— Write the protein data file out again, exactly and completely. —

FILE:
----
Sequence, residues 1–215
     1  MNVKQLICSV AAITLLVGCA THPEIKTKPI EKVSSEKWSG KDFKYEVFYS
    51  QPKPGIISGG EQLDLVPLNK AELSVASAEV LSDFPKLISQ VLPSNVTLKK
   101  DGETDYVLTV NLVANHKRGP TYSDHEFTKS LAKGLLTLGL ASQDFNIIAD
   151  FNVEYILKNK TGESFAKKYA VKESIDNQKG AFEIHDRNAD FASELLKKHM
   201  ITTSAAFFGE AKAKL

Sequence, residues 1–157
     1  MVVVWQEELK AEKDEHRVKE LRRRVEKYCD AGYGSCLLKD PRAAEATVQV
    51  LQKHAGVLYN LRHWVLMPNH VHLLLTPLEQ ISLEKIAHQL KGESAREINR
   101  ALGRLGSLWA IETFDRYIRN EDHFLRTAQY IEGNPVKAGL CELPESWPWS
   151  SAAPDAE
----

Sequence, residues 1–215
     1  MNVKQLICSV AAITLLVGCA THPEIKTKPI EKVSSEKWSG KDFKYEVFYS
    51  QPKPGIISGG EQLDLVPLNK AELSVASAEV LSDFPKLISQ VLPSNVTLKK
   101  DGETDYVLTV NLVANHKRGP TYSDHEFTKS LAKGLLTLGL ASQDFNIIAD
   151  FNVEYILKNK TGESFAKKYA VKESIDNQKG AFEIHDRNAD FASELLKKHM
   201  ITTSAAFFGE AKAKL

Sequence, residues 1–157
     1  MVVVWQEELK AEKDEHRVKE LRRRVEKYCD AGYGSCLLKD PRAAEATVQV
    51  LQKHAGVLYN LRHWVLMPNH VHLLLTPLEQ ISLEKIAHQL KGESAREINR
   101  ALGRLGSLWA IETFDRYIRN EDHFLRTAQY IEGNPVKAGL CELPESWPWS
   151  SAAPDAE